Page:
Friday, 11 September 2015

Indian Handcrafts - 'Creeps' (Album Review)

By: Phil Weller

Album Type: Full Length
Date Released: 02/10/2015
Label: Sargent House


The consistency of the record is well, well above par too. Every song has its own unique character and sense of self. They never repeat the same formula or trick – they simply don’t need to rely on any form of cyclical cop out – and no track is starved of quality alongside the rest of the pack.

‘Creeps’ CD//DD//LP track listing:

01. Down At The Docks
02. It's Late Queeny
03. Murderers For Hire
04. Brothers Underground
05. Maelstrom
06. Snake Mountain
07. The Divider
08. Degenerate Case
09. Rat Faced Snorter

Indian Handcrafts is:

Daniel  Allen | Guitars, Vocals
Brandyn Aikins | Drums, Vocals


The Review:  

This album is all about riffs and groove and it flies by in an instant. With the majority of songs being snappy, melodious to the point of envy and overflowing with deft, infectious nuances, there’s a real wham-bam-thank-you-mam mentality behind it. They blend the bounce and bombast of doom’s forefathers with the fidgety shriek of Melvins styled vocals excellently on ‘Down at the Docks’, those vocals really coming to life during a seismic dynamic shift which they pull off with a flawless ebb and flow. As an album, ‘Creeps’ is fun, packed to the rafters with great musicianship, has more hooks than a fishing emporium and is incredibly easy to listen to. And honestly, I could leave the review there. Job done, I’ll put the kettle on and wipe my hands of this – because, really, that’s all you need to know. If this paragraph doesn’t scintillate your intrigue, then I do believe you’re on the wrong website (Smash Hits is that way, champ).  

Maelstrom’ has a surging, addictive chorus; ‘Its Late Queeny’ a piledriver of a song, racing along a dusty desert road like Kyuss with The Butthole Surfers hot-boxing the boot, (trunk for our American readers). ‘Murderers For Hire meanwhile channels ‘Blue Album’ era Baroness staggeringly well, heavy, tom orientated drumming clattering about in the background showcasing a drummer who refuses to simply drive the bus.

But it’s on ‘Maelstrom’ where things get interesting. Five tracks in, this is the first time the band deviate from the same kind of rapid fire, take no prisoners song writing that has made Motörhead such a legendary act, here drawing a song out, creating a hypnotic odyssey alongside short-lived, murderous anthems. Across the second half of the song’s span, they dive into deeper, darker and gloomier ocean waters with slow bubbling doom riffs. It’s the first time they really challenge the listener; beforehand it had simply been domino effect of whiplash compositions that go by in an instant and seem to make no effort to convince you of their brilliance yet manage to all the same. So here they welcome you into another one of their dimensions and, having duly grabbed your attention by the scruff off the neck, they go about showing you around a more divergent gathering of songs.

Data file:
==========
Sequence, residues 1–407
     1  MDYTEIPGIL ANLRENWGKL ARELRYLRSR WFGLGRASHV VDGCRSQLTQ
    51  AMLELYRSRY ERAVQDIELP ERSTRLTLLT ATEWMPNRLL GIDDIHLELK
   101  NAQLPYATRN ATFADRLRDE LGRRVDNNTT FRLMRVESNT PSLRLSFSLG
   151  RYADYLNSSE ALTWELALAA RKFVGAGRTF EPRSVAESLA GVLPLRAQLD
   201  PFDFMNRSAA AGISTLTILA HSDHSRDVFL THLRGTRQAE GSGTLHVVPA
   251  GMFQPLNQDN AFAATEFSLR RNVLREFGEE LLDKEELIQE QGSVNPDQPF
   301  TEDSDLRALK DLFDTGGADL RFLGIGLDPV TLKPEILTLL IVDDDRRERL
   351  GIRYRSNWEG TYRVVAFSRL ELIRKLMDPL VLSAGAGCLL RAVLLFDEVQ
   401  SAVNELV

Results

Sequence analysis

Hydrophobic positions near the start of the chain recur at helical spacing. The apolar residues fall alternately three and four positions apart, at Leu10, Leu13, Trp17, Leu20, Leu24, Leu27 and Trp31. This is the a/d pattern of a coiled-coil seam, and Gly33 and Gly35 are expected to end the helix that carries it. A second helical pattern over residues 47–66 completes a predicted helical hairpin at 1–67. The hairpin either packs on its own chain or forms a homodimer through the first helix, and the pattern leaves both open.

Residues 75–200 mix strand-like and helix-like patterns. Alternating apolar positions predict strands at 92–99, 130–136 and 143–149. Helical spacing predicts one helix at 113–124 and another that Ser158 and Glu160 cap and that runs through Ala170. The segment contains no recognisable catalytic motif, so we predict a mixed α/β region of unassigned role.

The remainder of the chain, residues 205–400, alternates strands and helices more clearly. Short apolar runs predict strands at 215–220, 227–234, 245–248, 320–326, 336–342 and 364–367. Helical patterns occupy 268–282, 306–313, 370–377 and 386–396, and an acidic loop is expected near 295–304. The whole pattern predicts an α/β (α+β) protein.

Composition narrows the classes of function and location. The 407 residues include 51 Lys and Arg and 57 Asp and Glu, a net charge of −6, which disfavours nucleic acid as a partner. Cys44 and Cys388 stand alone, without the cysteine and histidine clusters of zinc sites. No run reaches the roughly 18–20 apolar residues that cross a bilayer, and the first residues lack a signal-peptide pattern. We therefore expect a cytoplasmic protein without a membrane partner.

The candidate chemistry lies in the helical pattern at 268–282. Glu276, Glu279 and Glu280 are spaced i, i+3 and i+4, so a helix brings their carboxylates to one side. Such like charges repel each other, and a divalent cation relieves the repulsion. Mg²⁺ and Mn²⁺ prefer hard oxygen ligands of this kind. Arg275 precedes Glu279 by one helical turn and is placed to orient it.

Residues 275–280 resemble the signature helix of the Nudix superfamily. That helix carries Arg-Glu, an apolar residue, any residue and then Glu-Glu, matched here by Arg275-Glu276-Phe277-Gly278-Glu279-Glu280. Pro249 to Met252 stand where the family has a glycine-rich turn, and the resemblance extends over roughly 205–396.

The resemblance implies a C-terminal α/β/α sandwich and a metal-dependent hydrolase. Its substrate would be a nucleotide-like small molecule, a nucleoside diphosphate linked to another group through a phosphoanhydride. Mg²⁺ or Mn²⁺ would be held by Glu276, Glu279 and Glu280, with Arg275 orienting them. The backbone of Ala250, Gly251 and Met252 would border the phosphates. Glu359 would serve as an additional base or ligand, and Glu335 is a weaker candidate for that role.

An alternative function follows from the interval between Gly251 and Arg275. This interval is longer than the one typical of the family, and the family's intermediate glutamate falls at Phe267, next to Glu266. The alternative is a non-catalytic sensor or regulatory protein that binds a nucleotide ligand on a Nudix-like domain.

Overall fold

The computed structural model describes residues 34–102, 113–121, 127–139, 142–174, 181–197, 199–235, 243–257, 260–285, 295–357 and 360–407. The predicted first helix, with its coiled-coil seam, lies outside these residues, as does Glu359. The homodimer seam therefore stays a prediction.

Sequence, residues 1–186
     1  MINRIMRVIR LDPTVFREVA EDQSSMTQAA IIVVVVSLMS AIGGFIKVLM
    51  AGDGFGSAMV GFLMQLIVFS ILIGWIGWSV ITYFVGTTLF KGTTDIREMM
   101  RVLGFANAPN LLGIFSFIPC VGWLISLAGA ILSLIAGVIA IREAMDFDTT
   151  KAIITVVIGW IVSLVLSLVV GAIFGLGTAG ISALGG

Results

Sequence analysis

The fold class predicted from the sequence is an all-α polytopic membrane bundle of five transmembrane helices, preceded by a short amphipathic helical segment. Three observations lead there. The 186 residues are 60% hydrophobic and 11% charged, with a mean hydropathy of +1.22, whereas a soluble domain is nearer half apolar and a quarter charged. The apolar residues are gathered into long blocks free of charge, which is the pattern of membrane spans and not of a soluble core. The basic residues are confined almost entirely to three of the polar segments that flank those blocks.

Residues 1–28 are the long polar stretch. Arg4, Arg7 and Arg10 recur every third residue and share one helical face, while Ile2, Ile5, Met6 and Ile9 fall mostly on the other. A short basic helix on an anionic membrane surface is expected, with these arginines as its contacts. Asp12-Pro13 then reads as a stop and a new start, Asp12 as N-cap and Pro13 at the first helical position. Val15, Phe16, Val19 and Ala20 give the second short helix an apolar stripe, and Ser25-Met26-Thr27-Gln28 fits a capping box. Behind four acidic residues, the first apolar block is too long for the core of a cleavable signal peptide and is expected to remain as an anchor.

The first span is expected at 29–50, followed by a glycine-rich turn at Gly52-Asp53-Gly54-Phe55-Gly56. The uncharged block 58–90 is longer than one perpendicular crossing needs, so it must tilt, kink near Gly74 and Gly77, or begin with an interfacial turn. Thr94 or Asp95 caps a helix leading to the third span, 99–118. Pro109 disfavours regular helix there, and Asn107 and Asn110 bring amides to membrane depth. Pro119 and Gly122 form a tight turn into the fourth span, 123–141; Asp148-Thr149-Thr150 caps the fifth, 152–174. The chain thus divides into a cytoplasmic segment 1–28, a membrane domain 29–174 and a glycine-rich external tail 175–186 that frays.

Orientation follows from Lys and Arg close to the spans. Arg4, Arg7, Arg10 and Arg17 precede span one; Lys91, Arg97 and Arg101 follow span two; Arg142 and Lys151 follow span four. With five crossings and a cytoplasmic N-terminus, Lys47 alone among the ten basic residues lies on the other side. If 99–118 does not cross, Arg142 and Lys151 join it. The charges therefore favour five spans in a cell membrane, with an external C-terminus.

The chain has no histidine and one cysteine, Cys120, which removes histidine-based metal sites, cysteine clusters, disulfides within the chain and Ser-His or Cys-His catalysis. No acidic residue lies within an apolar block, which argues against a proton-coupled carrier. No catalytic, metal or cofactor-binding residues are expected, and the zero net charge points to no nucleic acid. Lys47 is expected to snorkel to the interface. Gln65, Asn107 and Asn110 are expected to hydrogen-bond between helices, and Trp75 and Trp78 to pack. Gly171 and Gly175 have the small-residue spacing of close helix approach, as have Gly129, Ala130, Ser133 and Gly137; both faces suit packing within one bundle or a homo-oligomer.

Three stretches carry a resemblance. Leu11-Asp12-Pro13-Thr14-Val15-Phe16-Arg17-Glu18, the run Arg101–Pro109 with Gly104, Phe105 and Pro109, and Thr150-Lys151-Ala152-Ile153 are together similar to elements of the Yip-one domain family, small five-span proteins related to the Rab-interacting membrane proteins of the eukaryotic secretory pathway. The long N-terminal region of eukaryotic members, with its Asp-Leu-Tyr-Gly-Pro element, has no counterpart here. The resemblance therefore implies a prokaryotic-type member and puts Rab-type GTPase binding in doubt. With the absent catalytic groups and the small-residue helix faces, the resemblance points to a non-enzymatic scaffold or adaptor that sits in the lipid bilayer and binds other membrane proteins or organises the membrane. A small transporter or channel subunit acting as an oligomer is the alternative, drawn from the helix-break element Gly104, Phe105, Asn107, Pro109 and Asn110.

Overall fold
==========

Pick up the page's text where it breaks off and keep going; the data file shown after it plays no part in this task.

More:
Snake Mountain sounds like Wolfmother’s evil twin sister, with sinister, scorching vocals and bleak atmospherics with one riff in-particular coming across like a more devilish ‘The Joker And The Thief’. The opening riff of ‘The Divider’ is oddly intrinsic; its galloping guise and earworm melodies sound warmingly familiar from the off. For that, it’s absolutely inspired, even if the verse vocals do at times sound a little but too much like ‘The Trooper.’ But that’s only brief and more and more hook-laden sections soon steamroll in, sinking their metallic pincers deep in your skin. The lead guitar in the final throes is magnificent and when it all builds back up for one final cacophonous spin of the wheel, I was left screaming “this is fucking amazing!” and for good reason.

The consistency of the record is well, well above par too. Every song has its own unique character and sense of self. They never repeat the same formula or trick – they simply don’t need to rely on any form of cyclical cop out – and no track is starved of quality alongside the rest of the pack.  ‘Degenerate Case’ is the shortest and arguably the heaviest and most fun of the record, it barges in like a runaway freight train and ends a complete and utter beautiful disaster of gang vocals, tribal drumming and all round decibel hammering.    

But I think I’ve banged on about this record enough. Just check it out and thank me later, because, trust me, the music speaks perfectly eloquently enough without my superlative laced gibberish. And besides, I fancy a beer…

FFO: Melvins, Kyuss, Early Baroness, High on Fire

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